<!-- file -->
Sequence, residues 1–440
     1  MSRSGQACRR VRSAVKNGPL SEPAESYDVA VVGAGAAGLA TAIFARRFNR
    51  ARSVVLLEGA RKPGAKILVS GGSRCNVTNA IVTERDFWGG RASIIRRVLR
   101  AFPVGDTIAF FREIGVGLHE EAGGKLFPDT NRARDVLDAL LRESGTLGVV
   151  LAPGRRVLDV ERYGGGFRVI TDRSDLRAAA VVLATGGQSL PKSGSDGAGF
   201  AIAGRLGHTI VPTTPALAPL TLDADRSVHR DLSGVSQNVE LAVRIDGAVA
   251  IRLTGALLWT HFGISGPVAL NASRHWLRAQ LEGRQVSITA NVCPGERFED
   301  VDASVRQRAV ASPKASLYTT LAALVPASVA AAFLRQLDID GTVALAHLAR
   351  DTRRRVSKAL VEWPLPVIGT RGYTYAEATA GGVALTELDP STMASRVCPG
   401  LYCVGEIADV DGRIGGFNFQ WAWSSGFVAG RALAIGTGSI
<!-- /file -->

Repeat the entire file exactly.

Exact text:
Sequence, residues 1–440
     1  MSRSGQACRR VRSAVKNGPL SEPAESYDVA VVGAGAAGLA TAIFARRFNR
    51  ARSVVLLEGA RKPGAKILVS GGSRCNVTNA IVTERDFWGG RASIIRRVLR
   101  AFPVGDTIAF FREIGVGLHE EAGGKLFPDT NRARDVLDAL LRESGTLGVV
   151  LAPGRRVLDV ERYGGGFRVI TDRSDLRAAA VVLATGGQSL PKSGSDGAGF
   201  AIAGRLGHTI VPTTPALAPL TLDADRSVHR DLSGVSQNVE LAVRIDGAVA
   251  IRLTGALLWT HFGISGPVAL NASRHWLRAQ LEGRQVSITA NVCPGERFED
   301  VDASVRQRAV ASPKASLYTT LAALVPASVA AAFLRQLDID GTVALAHLAR
   351  DTRRRVSKAL VEWPLPVIGT RGYTYAEATA GGVALTELDP STMASRVCPG
   401  LYCVGEIADV DGRIGGFNFQ WAWSSGFVAG RALAIGTGSI